|This is the Ernie Els Vineyard.|
John bought a golf shirt and we took some pictures of Ernie's trophies.
Then on to a second wine yard called Muratie. The very first owner was Lauren's Campher who fell in love with a slave girl who lived in a fort in Cape Town which was a three day walk. When she was freed, he moved her in with him. When he died he left the vineyard to her. This was very out of the ordinary...having a slave own land. She sold it. In 1763 Marvin Melck bought it and then sold it. It didn't get back into the Melck family until 1987. In 1927 Georg Paul Canitz bought it. On a regular basis he told his wife he was going to the chapel to pray. She thought he was wonderful. In reality he was visiting his mistress. When he did she found many pictures of her under the floor boards. Many of the names of the present day wines come from the people involved in this tale.
And the third one we visited was Warwick Wine. Very nice. Warwick picked the present logo based on a story of a silversmith in love with the nobleman's daughter. The nobleman would not give his blessing and locked him in the dungeon. The daughter would not eat so the nobleman agreed to let the two lovers marry if the man could make a cup that two people could drink from at the same time without spilling. Within a week the silver smith did just that and the two were married. When the owner died he left the vineyard to his wife who became the first woman vintner in South Africa. John and Diane drank from the replica of this cup which represents love, faithfulness and good luck.
We returned at 4:45, and sat around for an hour and then went down to Checkers, a local grocery store and John and Johanna bought themselves dinner including a Lindt chocolate bar.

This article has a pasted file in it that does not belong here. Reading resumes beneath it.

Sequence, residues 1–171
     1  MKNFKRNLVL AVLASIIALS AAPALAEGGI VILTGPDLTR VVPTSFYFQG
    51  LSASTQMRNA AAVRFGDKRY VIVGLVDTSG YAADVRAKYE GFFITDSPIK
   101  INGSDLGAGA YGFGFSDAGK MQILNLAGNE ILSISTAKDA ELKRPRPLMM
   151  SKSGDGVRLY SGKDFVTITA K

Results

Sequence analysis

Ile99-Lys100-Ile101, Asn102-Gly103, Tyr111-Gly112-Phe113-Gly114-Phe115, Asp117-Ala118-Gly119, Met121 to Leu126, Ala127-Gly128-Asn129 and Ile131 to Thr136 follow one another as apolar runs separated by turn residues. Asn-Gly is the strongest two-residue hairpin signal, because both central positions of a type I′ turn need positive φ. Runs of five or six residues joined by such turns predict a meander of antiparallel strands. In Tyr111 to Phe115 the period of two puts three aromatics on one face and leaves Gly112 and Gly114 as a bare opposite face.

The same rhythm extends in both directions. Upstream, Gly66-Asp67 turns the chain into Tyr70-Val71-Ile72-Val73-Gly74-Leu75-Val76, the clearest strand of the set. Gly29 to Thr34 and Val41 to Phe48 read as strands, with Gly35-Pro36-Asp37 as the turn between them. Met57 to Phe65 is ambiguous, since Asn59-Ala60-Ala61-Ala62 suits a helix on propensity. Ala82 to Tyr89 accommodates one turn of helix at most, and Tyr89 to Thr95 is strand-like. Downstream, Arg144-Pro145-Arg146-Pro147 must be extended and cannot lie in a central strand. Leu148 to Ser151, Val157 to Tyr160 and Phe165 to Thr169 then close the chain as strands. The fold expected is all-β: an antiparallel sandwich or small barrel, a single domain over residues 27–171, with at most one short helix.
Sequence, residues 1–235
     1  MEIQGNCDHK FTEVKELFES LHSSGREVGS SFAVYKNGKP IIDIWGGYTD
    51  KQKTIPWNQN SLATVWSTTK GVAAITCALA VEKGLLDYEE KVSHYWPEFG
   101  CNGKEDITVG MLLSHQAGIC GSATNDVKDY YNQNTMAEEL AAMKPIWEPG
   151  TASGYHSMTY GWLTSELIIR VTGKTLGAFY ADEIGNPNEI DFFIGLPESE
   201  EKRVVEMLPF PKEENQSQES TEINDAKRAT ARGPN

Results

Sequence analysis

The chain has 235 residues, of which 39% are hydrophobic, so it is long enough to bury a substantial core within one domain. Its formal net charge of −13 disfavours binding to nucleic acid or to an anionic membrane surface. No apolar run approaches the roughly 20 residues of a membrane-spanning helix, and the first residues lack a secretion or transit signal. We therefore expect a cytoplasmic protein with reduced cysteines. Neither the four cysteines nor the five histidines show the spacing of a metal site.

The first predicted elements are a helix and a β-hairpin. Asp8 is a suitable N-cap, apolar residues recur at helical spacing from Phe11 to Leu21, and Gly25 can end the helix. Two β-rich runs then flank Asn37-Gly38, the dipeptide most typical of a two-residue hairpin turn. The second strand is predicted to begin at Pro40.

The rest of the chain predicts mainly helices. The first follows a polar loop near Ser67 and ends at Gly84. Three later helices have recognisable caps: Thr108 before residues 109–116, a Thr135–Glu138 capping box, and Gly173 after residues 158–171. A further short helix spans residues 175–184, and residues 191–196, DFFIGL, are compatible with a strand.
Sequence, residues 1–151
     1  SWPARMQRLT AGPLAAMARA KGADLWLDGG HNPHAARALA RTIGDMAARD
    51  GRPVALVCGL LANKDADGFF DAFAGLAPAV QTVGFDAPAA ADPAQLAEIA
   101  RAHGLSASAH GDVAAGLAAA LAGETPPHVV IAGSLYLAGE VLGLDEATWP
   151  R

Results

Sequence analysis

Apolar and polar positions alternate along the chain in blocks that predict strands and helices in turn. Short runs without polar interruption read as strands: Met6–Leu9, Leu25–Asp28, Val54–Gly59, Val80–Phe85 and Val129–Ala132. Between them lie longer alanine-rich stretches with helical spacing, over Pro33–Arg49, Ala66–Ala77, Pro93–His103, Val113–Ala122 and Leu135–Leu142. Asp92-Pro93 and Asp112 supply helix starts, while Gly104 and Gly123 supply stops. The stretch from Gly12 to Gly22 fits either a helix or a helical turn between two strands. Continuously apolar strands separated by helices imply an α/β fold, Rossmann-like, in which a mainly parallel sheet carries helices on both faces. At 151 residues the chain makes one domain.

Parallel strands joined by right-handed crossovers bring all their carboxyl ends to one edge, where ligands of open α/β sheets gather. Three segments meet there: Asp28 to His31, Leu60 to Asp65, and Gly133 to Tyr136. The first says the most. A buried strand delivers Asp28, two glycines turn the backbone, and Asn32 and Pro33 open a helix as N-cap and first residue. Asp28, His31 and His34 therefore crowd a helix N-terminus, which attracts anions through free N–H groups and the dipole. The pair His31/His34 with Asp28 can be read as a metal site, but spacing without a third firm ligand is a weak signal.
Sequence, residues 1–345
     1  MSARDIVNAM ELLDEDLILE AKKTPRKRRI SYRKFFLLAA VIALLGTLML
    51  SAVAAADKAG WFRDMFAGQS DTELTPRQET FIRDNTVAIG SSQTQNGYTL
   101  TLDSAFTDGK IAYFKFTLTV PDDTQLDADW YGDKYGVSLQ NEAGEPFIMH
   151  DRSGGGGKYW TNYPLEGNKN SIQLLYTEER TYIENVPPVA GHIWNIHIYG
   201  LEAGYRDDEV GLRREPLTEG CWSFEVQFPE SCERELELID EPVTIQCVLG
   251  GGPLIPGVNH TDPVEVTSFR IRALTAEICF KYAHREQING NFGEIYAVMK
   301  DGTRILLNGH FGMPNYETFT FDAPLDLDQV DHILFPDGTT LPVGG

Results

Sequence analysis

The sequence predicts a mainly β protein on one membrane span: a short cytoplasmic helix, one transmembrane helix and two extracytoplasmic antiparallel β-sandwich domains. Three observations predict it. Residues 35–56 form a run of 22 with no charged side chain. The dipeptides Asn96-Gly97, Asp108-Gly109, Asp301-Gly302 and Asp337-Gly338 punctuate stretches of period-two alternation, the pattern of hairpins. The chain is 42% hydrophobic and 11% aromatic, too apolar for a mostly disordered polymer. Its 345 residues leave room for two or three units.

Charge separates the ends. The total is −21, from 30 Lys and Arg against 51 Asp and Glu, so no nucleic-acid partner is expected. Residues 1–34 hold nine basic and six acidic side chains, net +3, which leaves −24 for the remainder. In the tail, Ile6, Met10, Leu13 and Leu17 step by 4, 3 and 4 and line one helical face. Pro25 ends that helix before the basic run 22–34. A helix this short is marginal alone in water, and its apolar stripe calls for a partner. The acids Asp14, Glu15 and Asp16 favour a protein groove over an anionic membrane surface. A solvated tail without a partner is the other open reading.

We really didn't do too much today but we had the chance to see how beautiful the Cape Town area is. (And we had 15 sample glasses of wine!)
Today was the perfect day! The sun was shining, there were no clouds in the sky, and the temperature was perfect. Grant took us up to Table Mountain and we were able to get right on the cable car. This car has a revolving floor for its 65 passengers and an announcer with a great sense of humor.
At the top we took MANY pictures of the Cape Town area.
After this we went back to the Victoria Wharf and had lunch. John had steak tartare, Diane had white asparagus risotto, and Johanna had hake and angel hair pasta.
At 1:00 we boarded the Nauticut and went to Robben Island. It took an hour to get there, with a 2 hour tour and then back home. We did see Nelson Mandela's cell but all decided we needed to read up on this part of history a little more. Our second tour guide had been a prisoner from 1977-82.He had been a student protester in high school at the time.
Grant brought us home. He was a terrific guide and we saw practically everything we had on our lists. We highly recommend him!
We had a quick glass of wine to finish it all up and then went out to DaVinci's for dinner. Africa's pizzas have no mozzarella but feta cheese instead.
John and Diane took a walk in City Garden. It is a lovely park with families and couples strolling down the brick walkway. Many were feeding the squirrels and pigeons. We also saw 4 high school musicians- three trombones and a trumpet, playing on the street.
We gave them a tip. Then we walked back to our place, had the leftovers from previous nights, packed up and had our driver take us to the airport. Johanna had to go to a different gate so we said our good byes early. It was a wonderful vacation and we want to come back here again.
IF our trip still interests you, I am loading videos onto You Tube almost every day. If you search You Tube for "An Oryx Holiday" there are about 8 of them. And I am only half done!!
Thans for reading our blogs. We would encourage everyone to visit Africa someday.